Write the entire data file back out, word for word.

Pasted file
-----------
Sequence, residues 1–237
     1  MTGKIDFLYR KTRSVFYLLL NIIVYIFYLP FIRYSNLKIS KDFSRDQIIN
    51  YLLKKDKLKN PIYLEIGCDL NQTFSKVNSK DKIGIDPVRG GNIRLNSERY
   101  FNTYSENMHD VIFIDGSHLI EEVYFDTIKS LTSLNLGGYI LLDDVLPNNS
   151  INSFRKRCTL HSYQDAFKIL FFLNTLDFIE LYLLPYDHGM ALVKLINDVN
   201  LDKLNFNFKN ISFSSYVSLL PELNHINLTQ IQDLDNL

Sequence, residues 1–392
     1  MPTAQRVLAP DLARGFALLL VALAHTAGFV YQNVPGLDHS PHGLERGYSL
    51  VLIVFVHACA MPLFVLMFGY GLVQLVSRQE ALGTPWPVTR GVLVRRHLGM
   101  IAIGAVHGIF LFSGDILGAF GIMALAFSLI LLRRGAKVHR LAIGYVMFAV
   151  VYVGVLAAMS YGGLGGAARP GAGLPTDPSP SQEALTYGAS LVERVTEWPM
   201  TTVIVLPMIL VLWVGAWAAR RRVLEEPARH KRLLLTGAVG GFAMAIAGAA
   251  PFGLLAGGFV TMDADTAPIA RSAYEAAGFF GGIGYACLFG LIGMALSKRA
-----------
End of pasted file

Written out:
Sequence, residues 1–237
     1  MTGKIDFLYR KTRSVFYLLL NIIVYIFYLP FIRYSNLKIS KDFSRDQIIN
    51  YLLKKDKLKN PIYLEIGCDL NQTFSKVNSK DKIGIDPVRG GNIRLNSERY
   101  FNTYSENMHD VIFIDGSHLI EEVYFDTIKS LTSLNLGGYI LLDDVLPNNS
   151  INSFRKRCTL HSYQDAFKIL FFLNTLDFIE LYLLPYDHGM ALVKLINDVN
   201  LDKLNFNFKN ISFSSYVSLL PELNHINLTQ IQDLDNL

Sequence, residues 1–392
     1  MPTAQRVLAP DLARGFALLL VALAHTAGFV YQNVPGLDHS PHGLERGYSL
    51  VLIVFVHACA MPLFVLMFGY GLVQLVSRQE ALGTPWPVTR GVLVRRHLGM
   101  IAIGAVHGIF LFSGDILGAF GIMALAFSLI LLRRGAKVHR LAIGYVMFAV
   151  VYVGVLAAMS YGGLGGAARP GAGLPTDPSP SQEALTYGAS LVERVTEWPM
   201  TTVIVLPMIL VLWVGAWAAR RRVLEEPARH KRLLLTGAVG GFAMAIAGAA
   251  PFGLLAGGFV TMDADTAPIA RSAYEAAGFF GGIGYACLFG LIGMALSKRA